Coaching Staff Diversity in NCAA Leads to Success
The powerhouses of Division I women’s hockey have something in common behind the bench
It’s no secret that women’s hockey, as a sport, could use a boost in diversity.
The price of gear, team dues, and other necessities narrow the player pool to those with the means to continue playing. Diversity in the game, however, cannot be limited to the players — it’s just as important behind the bench.
A primary area of concern with women’s hockey coaches is whether or not they’re being coached by women. There are many male coaches of women’s teams that are known for their success (Minnesota’s Brad Frost, for example), but there must be benefits of having a woman behind the bench, coaching other women.
Generally, coaching positions tend to be filled by men more often than by women.
Boston College’s women’s hockey program garnered some attention for having an all-female coaching staff in 2016. It’s still the only women’s hockey program in Women’s Hockey East (WHEA) with three female coaches, although Gillian Apps (formerly of Team Canada and then Brampton Thunder) has since been replaced by Courtney Sheary.
Boston College is not, however, the only team in Division I with an all-female staff. In the Eastern College Athletic Conference (ECAC), both Brown and Princeton have three female coaches. In the Western Collegiate Hockey Association (WCHA), the University of Minnesota-Duluth and Ohio State do as well. The only conference without a single all-female coaching staff is College Hockey America (CHA).
CHA has a marked diversity problem, and a lack of all-female coaching staffs is one symptom. Another is that CHA is the only conference where a team — three, in fact — have no female coaches at all — Lindenwood, Rochester Institute of Technology (RIT), and Syracuse.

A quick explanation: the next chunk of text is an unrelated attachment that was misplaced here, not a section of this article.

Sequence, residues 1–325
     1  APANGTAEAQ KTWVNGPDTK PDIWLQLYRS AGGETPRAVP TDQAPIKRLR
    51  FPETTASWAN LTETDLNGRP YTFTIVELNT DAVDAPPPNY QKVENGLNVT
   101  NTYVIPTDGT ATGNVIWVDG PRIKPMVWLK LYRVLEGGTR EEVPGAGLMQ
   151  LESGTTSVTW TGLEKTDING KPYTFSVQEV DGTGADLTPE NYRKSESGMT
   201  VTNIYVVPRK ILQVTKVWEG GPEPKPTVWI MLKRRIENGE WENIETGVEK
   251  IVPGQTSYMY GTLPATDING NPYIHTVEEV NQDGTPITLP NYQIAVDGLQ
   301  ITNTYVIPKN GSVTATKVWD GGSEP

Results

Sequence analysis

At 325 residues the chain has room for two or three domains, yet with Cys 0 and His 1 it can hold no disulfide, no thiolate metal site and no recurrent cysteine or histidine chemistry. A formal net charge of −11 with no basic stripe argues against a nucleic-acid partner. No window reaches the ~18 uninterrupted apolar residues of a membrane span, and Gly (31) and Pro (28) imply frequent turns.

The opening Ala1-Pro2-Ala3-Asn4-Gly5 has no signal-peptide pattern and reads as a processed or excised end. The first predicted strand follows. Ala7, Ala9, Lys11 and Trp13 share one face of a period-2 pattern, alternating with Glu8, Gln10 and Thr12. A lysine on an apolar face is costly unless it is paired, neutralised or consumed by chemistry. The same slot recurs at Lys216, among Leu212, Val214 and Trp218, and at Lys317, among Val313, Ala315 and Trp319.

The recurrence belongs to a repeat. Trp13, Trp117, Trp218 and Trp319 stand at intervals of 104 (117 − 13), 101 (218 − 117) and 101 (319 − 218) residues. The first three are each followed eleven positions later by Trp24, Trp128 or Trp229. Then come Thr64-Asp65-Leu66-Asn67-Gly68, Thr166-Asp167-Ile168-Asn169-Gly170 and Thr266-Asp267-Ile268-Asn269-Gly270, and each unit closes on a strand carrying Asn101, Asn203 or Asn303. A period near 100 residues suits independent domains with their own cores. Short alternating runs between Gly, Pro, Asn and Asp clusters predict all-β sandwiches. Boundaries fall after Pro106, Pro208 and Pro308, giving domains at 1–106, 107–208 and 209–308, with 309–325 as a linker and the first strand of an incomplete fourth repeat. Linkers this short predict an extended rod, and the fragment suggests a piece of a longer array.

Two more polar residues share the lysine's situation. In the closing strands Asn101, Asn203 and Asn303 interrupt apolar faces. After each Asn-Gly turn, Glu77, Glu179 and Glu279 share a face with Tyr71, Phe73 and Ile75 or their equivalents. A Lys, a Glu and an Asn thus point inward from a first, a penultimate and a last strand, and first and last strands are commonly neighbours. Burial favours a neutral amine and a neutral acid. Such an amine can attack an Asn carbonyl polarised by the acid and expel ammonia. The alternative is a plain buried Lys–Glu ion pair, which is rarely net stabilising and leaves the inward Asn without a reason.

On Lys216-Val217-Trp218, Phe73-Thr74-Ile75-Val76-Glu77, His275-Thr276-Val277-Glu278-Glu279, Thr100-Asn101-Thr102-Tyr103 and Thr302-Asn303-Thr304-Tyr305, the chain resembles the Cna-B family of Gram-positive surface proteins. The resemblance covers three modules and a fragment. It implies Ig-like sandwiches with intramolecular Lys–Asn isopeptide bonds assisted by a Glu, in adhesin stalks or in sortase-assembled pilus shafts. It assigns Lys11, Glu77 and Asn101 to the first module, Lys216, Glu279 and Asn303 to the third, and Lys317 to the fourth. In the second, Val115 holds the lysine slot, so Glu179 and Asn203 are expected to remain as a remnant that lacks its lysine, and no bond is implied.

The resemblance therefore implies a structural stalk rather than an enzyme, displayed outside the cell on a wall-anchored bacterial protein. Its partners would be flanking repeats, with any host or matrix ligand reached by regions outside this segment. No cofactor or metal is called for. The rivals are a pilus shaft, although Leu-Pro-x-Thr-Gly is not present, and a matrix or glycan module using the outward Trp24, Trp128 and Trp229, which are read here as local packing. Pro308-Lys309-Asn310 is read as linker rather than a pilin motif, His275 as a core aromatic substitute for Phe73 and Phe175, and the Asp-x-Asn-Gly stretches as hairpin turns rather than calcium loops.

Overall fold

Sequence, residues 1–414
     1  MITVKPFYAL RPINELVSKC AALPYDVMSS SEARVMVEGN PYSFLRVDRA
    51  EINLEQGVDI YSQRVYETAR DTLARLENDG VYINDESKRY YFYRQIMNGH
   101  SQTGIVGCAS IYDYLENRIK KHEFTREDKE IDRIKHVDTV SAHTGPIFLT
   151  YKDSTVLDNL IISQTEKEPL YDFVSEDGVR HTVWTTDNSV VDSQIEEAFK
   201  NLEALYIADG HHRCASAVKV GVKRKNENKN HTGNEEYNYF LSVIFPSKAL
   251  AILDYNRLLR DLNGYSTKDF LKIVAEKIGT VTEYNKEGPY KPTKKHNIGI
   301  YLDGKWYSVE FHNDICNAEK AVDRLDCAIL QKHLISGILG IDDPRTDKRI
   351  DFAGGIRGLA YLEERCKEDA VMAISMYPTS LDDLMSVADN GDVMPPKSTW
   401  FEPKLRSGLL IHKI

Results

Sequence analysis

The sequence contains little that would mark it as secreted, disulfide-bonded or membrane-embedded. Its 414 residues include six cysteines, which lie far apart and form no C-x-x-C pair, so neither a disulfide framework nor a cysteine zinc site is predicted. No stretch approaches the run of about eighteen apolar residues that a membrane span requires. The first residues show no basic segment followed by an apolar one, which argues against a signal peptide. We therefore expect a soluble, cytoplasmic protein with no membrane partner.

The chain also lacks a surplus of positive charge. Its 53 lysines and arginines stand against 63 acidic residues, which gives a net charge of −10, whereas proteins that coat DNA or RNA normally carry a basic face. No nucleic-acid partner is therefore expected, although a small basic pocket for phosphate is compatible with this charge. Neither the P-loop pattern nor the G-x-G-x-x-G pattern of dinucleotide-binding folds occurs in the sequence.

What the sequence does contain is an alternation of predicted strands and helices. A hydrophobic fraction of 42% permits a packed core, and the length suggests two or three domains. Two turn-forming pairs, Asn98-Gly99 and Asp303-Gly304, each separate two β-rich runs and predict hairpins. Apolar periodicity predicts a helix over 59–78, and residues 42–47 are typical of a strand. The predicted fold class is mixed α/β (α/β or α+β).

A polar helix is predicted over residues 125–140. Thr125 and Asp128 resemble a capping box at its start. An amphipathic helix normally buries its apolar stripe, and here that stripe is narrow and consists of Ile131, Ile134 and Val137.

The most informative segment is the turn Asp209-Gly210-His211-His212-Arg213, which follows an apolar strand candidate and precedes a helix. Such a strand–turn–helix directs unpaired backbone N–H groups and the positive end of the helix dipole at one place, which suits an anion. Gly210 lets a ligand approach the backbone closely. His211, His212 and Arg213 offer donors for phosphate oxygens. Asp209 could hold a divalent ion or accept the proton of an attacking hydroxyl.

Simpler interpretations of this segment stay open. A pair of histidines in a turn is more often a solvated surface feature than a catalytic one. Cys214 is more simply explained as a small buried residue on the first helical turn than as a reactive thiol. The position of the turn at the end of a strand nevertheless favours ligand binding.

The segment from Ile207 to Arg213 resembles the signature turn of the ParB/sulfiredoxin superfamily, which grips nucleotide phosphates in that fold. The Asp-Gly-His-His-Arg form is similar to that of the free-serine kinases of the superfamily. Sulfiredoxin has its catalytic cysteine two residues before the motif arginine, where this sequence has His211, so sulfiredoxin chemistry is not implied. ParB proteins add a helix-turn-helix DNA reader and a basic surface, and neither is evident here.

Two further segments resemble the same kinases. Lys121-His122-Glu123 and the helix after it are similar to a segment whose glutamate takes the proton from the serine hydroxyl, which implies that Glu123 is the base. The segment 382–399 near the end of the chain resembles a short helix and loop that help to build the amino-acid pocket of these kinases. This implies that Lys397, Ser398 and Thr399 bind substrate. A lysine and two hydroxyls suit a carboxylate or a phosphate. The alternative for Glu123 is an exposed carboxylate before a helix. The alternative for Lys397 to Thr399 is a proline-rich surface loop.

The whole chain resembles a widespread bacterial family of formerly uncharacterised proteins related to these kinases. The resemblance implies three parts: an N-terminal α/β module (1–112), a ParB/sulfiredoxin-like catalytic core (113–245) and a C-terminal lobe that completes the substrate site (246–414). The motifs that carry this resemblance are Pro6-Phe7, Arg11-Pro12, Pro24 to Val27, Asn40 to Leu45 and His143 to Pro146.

In all three of the other conferences, each team has at least one female coach. There are ten female head coaches in Division I women’s hockey, and none of them are CHA coaches. ECAC has the most, with five.
National champion @CUknights finishes the season at No. 1 in the USA Today/@USAHMagazine Women's College Hockey Poll → https://t.co/bVd5j2i35P pic.twitter.com/SlRd8Tyw9e— USA Hockey (@usahockey) March 20, 2018
Is it a coincidence that the highest ranked CHA team at the end of last season was Mercyhurst, at No. 10? It might be. Only two of the top 10 in the final rankings had all-female staffs (OSU at No. 4, BC at No. 5).
What’s less likely to be a coincidence is the fact that Mercyhurst, the highest ranked CHA team last season, has two female assistant coaches, both of whom have experience playing pro women’s hockey.
Kelley Steadman, formerly of the Buffalo Beauts and Boston Blades, and Beth Hanrahan, formerly of the Metropolitan (New York, at the time) Riveters, are able to impart a special brand of wisdom that no male coach can offer, regardless of professional hockey experience or previous coaching experience.
Having experienced both NCAA and pro women’s hockey firsthand, coaches like Steadman and Hanrahan bring a different kind of diversity to the team — diversity of experience.
Mercyhurst isn’t the only team with coaches who have played professional women’s hockey. Penn State, the University of Vermont, Princeton, OSU, BU and Northeastern all do as well, and not all of them have been as successful as Mercyhurst.
What the top 10 teams at the end of last season have in common is that their coaching staffs combine both kinds of diversity.
Clarkson combines their head coach Matt Derosiers’ 10 years of head coaching experience with assistant coach Britni Smith’s firsthand ECAC playing experience as a former St. Lawrence standout.
Two of Boston College’s three female coaches have Olympic and World Championship playing experience, as well as experience coaching U18 women’s teams.
Northeastern and Mercyhurst both have assistant coaches with professional playing experience and head coaches who have built women’s hockey programs from the ground up.
It seems that the recipe for success with coaching staffs, as far as there might be one, is to build a staff with diverse approaches, experiences, and backgrounds — starting with, but not ending with, more women.